Fitch views these initiatives positively and as an appropriate response to changes in the healthcare environment. Fitch's concern is that implementation of the initiatives is occurring simultaneously while CH is also aiming to improve its financial performance. Further concern relates to an expected large IT implementation project expected to begin within the next year.
Investments in new IT systems have proven to be strategically and economically accretive for health systems once fully operational, but there is a sizable capital cost and often near term stress on financial performance during implementation and rollout. CH management has stated that it would need to see operational improvement before it would move forward on issuing debt for the IT project. However, the Negative Outlook reflects concerns regarding the project and the need to improve performance.
Liquidity a Key Credit Strength
CH had $381 million in unrestricted cash and investments at March 31, 2016, which equated to 227.4 day cash on hand and 185.4% cash to debt, both above Fitch's 'A' category medians of 205.3 day and 143.7%. In spite of the weaker operating performance, CH has been able to maintain its strong liquidity position, and investment income from the balance sheet has helped prop up debt service coverage.
CH's strong liquidity position provides some financial cushion at the current rating level, as CH works to improve operations, as well as could be used as a resource to reduce the need to issue debt to fund the IT project. CH has very little debt capacity, given its thin debt service coverage metrics, unless its operational performance improves. However, Fitch will consider the strong balance sheet in its analysis should the turnaround plan take longer than expected to show results.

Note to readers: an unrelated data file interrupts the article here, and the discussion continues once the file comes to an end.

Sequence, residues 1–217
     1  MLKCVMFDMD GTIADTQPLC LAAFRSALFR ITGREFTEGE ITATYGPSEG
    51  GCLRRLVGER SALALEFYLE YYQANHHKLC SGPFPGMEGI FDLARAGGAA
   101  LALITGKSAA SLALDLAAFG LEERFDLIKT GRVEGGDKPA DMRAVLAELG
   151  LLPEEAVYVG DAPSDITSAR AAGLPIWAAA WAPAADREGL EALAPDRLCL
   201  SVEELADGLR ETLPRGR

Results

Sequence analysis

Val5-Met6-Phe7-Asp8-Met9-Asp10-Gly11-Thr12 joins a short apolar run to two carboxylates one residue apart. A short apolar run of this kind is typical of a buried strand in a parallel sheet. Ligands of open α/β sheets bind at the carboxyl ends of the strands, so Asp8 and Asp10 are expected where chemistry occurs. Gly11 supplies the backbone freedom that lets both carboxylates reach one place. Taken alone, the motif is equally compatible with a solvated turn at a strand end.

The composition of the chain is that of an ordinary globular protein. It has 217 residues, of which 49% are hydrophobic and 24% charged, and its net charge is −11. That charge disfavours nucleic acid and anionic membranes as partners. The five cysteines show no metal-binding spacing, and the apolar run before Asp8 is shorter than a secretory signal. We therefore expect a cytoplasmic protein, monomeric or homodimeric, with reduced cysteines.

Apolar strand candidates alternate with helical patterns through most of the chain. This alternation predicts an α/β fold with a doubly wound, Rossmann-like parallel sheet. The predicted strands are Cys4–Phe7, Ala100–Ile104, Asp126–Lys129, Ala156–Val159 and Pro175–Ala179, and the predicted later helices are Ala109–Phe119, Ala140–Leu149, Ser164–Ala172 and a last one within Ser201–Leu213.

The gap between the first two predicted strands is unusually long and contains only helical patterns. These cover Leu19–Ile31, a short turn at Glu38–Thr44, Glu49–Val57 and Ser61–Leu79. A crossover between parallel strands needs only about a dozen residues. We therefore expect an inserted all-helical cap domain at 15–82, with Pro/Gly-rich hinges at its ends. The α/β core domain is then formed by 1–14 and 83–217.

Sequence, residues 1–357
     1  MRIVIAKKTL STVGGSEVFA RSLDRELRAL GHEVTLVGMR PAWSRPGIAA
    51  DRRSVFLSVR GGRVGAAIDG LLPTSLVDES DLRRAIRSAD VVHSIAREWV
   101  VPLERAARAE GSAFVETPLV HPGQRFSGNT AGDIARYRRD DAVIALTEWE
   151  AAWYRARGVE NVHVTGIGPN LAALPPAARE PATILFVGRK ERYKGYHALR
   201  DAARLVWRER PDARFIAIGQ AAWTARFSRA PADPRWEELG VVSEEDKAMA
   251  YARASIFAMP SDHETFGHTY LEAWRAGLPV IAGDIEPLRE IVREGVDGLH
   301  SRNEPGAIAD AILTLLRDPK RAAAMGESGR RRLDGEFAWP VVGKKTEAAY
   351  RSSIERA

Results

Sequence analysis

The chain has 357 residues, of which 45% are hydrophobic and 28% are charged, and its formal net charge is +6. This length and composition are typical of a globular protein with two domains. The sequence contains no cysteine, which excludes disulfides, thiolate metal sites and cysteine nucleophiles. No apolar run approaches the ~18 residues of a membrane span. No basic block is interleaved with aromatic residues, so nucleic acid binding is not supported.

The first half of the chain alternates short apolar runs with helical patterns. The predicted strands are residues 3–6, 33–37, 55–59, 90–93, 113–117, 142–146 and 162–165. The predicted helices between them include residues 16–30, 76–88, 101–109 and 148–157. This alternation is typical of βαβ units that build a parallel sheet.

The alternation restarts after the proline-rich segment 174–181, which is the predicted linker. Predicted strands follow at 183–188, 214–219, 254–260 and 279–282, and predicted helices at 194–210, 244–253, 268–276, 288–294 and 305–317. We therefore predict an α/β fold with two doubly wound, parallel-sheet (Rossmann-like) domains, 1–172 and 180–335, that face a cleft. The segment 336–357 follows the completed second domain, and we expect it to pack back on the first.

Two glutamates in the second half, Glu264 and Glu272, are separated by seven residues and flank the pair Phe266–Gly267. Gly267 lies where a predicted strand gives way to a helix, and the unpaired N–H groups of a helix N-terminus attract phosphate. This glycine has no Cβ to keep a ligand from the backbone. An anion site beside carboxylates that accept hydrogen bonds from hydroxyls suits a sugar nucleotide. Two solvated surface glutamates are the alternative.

CH's debt structure is nearly 100% fixed-rate, which Fitch views as a credit positive, lending further stability to CH's balance sheet.
In addition, CH's debt burden is relatively manageable for the rating level. MADS as a percentage of revenue of 2.9% at March 31, 2016 compares well to Fitch's 'A' category median of 2.8%. However, debt to EBTIDA was elevated at 5.8x, relative to a median of 3x, reflecting the weaker operating performance. CH's EBITDA MADS coverage was 1.9x and its operating EBITDA coverage was 1.6x in the first quarter of 2016, both of which trailed category medians.
The relatively manageable debt burden as reflected in MADS as a percentage of revenue is a key credit factor, indicating that even a modest improvement in performance should be able to bring the debt to EBITDA metric more in line with the category median and increase the level of CH's debt service coverage.
CH covenants to provide bondholders with annual audited financials and quarterly disclosure (which includes management discussion and analysis, balance sheet, income statement, and utilization statistics).